CFP: Contemporary Depictions of Mormons and Mormonism (7/1/07; collection)

full name / name of organization: 
Decker Mark T
contact email: 

Peculiar Portrayals: Contemporary Depictions of Mormons and Mormonism
on the Page, the Stage, and the Screen

Mormons often refer to themselves as a "peculiar people," implying that
their devotion to their faith and the unique truth of their gospel set
them apart from the rest of the world. Most people, however, simply
find Mormons peculiar. Much evidence of this popular perception can be
found in contemporary literary and filmic depictions of Mormons and
Mormonism. Both Allen Drury's Advise and Consent and Tony Kushner's
Angels in America focus on politically dangerous Mormon characters whose
religion has turned them into hypocrites. Lighter entertainment
sometimes features Mormon characters best described as absurdist, such
as the missionary-turned-porn-star in Orgazmo. And while Big Love's
portrayal of polygamist and businessman Bill Henrickson is sympathetic,
the show's appeal rests heavily upon its creation of a fundamentalist
Mormon suburban surrealism. Even authors who have a Mormon upbringing
often create peculiar Mormon characters, such as the sometime-Mormon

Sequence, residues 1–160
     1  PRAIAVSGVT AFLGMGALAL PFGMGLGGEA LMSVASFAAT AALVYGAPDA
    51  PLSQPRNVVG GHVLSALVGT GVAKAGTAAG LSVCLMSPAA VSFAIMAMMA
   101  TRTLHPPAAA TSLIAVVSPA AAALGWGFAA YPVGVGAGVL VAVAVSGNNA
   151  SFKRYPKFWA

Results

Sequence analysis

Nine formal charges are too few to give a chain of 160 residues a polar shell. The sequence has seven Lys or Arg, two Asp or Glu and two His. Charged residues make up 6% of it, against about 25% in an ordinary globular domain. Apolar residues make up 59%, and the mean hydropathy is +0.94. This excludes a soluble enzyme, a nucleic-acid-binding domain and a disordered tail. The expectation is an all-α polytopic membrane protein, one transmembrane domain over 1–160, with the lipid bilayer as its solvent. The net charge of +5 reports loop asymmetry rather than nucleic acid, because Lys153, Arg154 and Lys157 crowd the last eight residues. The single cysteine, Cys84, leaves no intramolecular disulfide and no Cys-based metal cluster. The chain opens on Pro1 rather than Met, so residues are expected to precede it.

main character of Brady Udall's The Miracle Life of Edgar Mint, who
finds his life permanently altered when the postman runs over his head,
or the comic protagonist of Walter Kirn's Thumbsucker, who turns to
Mormonism as one of several substitutes for his obsessive thumb sucking.


Yet while peculiar Mormon characters have haunted the contemporary
popular imagination, there have been few attempts to interrogate this
cultural phenomenon. This proposed collection seeks to explore the
rhetorical and political uses contemporary writers have made of their
peculiar Mormon characters. Possible topics include, but are not
limited to:


* Queer sexuality and Mormonism
* Mormonism, polygamy, and patriarchy=20
* Mormons and Mormonism and political conservatism=20
* Mormons as a stereotyped ethnic group
* Mormonism in conversation with contemporary spirituality
* Mormons and Mormonism in genre fiction
* Mormons and the American middle class


Finished essays will be between 4,500 and 6,500 words long, including
notes and references. Essays that focus on texts created primarily for a
Mormon audience will not be considered for inclusion in this proposed


Please submit a 500 word abstract in the body of an email to Michael
Austin at or Mark Decker at by
July 1, 2007

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Received on Thu May 17 2007 - 15:28:08 EDT